## Tuesday, December 27, 2011

### 49: What Is Math Anyway?

For the 50th Math Mutation podcast, I thought it's about time to
discuss a basic question:  what the heck am I talking about?
By the way, for those of you who are confused, I started with podcast
number 0, so this one really is the 50th.  So, what exactly is
mathematics, and why did I create a new podcast about it?
As for definitions, there are a lot of them floating around on the
net.  Dictionary.com, for example, defines math as " the systematic
treatment of magnitude, relationships between figures and forms, and
relations between quantities expressed symbolically."  The most
popular definition at Urban Dictionary is similar:  "The unified
theorems and theories used in the analysis of order, sequence,
pattern, form, space, figures, and numbers."  But I think these common
definitions are really focusing on the trees and missing the forest.
For example, one exciting subdiscipline I have mentioned in numerous
podcasts is the theory of computation-- this clearly seems to be part
of math, yet one could argue that both these definitions exclude it!
I don't think the right way to define mathematics is to enumerate a
list of subtopics.
My favorite concise definition comes from the 19th-century
philosopher Benjamin Pierce.  He defined mathematics as "the science
that draws necessary conclusions."  And I think that captures what I
find most interesting:  the idea that from simple premises, we can
discover surprising consequences.  From the basic ideas of length,
area, and angle measurements, we can discover the Pythagorean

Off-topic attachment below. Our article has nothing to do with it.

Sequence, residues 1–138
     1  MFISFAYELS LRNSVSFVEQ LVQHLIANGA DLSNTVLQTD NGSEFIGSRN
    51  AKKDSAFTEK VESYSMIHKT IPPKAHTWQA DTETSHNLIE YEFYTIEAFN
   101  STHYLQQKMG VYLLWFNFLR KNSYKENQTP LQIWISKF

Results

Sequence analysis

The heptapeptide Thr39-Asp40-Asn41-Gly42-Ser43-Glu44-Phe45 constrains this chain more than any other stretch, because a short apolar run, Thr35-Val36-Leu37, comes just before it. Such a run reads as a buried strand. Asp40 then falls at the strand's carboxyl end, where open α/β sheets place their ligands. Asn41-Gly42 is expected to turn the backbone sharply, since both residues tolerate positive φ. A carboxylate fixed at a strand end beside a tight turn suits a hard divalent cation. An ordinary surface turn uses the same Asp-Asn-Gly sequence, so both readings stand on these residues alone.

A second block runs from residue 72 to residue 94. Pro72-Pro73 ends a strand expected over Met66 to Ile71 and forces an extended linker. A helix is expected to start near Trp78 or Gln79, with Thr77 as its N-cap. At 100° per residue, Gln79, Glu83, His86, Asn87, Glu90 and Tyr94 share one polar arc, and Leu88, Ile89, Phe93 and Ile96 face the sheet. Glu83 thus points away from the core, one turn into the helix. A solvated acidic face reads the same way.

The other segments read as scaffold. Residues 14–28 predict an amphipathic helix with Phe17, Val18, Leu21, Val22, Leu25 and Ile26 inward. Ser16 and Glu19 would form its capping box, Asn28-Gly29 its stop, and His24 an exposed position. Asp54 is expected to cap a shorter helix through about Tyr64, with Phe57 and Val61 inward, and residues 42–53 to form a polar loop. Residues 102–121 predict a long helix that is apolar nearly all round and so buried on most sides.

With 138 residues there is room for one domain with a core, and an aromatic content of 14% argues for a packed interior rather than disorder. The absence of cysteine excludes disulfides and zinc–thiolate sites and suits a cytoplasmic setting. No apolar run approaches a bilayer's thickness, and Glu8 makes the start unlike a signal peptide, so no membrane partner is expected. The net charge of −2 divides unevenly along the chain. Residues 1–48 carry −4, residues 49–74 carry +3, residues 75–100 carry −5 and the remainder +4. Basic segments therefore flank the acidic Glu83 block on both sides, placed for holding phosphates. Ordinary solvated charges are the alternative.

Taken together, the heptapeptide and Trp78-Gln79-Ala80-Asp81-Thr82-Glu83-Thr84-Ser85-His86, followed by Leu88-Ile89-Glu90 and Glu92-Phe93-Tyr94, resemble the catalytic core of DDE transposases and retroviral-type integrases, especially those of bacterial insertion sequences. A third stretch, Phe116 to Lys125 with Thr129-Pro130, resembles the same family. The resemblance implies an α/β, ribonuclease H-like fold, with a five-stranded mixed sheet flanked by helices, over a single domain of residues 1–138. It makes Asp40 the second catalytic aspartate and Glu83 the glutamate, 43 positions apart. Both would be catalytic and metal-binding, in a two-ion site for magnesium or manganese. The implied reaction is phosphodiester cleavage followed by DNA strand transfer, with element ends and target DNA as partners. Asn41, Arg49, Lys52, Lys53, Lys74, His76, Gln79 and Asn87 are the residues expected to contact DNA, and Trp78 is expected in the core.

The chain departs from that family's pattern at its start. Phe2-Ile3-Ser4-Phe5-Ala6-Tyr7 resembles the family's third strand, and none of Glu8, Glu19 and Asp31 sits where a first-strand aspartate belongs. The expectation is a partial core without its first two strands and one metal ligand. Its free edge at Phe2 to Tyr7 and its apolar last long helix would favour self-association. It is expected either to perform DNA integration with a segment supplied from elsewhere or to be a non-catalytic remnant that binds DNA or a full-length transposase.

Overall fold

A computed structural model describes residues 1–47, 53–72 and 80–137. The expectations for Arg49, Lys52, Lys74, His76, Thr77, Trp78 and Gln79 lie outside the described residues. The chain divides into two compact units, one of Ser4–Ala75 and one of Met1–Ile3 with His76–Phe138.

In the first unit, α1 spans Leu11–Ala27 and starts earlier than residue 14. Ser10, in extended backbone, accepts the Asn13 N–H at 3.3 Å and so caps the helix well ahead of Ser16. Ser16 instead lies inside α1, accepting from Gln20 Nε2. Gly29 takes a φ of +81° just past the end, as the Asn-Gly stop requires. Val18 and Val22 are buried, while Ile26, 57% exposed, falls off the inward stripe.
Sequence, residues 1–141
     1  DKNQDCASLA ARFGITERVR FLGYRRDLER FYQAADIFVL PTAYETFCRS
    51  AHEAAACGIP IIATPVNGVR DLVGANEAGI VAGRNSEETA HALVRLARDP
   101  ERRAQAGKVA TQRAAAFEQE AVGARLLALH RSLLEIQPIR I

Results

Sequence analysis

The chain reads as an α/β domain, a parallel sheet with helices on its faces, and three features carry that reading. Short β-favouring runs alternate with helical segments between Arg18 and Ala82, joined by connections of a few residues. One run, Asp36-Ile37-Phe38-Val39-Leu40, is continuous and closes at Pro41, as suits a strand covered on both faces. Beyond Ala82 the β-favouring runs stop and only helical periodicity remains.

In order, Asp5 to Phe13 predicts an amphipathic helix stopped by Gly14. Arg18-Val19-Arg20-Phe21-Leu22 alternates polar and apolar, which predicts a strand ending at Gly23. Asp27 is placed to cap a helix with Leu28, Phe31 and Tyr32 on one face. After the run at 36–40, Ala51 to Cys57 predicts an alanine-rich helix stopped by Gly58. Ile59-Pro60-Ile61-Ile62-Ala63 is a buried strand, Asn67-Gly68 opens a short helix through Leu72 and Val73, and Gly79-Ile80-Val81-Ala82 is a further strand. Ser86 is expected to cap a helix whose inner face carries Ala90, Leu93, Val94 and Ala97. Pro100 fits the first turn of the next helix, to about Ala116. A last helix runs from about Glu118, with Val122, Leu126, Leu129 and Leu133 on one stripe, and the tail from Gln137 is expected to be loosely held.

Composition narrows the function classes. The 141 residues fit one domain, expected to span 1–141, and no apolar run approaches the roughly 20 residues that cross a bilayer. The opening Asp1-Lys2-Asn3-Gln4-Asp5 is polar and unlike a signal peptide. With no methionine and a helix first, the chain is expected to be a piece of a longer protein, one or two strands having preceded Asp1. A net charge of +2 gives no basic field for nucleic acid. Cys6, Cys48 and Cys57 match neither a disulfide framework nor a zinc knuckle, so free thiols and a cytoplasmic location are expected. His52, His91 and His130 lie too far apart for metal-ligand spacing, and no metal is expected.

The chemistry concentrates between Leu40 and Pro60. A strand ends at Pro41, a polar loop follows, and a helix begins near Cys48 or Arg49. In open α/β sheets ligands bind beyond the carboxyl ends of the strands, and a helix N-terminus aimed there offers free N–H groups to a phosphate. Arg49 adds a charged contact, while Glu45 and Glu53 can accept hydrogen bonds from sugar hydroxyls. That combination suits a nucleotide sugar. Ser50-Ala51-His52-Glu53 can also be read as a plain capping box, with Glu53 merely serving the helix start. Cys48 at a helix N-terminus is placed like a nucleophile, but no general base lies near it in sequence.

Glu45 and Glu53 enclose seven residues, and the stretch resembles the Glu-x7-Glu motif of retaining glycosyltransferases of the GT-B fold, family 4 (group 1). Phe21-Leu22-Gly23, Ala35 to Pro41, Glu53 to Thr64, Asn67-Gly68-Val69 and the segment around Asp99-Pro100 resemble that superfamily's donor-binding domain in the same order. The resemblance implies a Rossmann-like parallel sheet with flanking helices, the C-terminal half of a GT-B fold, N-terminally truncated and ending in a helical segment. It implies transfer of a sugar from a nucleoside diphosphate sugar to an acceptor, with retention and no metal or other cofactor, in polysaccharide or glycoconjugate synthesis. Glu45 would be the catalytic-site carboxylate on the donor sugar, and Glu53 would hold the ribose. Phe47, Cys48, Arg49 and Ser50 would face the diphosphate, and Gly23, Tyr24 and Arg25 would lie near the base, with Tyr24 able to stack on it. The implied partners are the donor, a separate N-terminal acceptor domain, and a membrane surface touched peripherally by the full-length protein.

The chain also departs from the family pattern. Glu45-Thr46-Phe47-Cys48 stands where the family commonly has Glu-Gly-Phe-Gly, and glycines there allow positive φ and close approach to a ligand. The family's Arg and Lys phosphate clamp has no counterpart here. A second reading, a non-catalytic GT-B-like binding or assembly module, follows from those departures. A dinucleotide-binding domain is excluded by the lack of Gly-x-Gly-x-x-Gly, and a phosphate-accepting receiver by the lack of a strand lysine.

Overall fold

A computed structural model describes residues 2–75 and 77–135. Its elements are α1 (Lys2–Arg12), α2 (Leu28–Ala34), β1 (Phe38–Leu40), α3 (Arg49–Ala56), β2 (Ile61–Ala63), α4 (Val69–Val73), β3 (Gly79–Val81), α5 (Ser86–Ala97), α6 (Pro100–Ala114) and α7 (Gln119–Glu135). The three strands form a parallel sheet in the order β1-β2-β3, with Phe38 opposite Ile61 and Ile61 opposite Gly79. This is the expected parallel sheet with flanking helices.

Theorem.  From the definition that continuous functions don't skip a
value, we find that there must be opposite points on the globe sharing
the same temperature.  By extending the concepts of solid geometry, we
can derive properties of multidimensional objects we will never see.
Or from precise definitions of what it means to reason in a formal
system, we are led to Godel's theorem that there are fundamental
limitations to our reasoning abilities.
This is what I find most interesting about mathematics-- the odd
discoveries and surprising consequences, along with the strange quirks
of the people involved in discovering them.  Of course, applicability
to the real world, and its resulting presence as a requirement in many
areas of our education, are important, but these areas are
well-covered by other podcasts.  If something in the podcast does
happen to apply to the real world or help you out in a college class,
that's great, but that's not the main point.  The main point is to
talk about odd corners or applications that I find interesting,
whether they have some real-world purpose or not!  I'm betting that
there are plenty of people out there as geeky as me, who also enjoy
these kinds of topics.  Perhaps we can help each other to discover new
and fun areas we might have otherwise missed.
By the way, I'd like to thank those of you who have reviewed this
podcast on iTunes; I think the user named 'weepleman' did a good job
of capturing the essence, when he wrote that the podcast gives
"useless but interesting ideas and math".  Also, thanks to those of
you who emailed me, at my address erik@mathmutation.com.  I like to
hear from listeners out there, mainly to reassure me that I have some,
and ideas for future podcast topics are always welcome.
And this has been your Math Mutation for today.

• Mathematics at Dictionary.com
• Mathematics at Urban Dictionary
• Mathematics at Wikipedia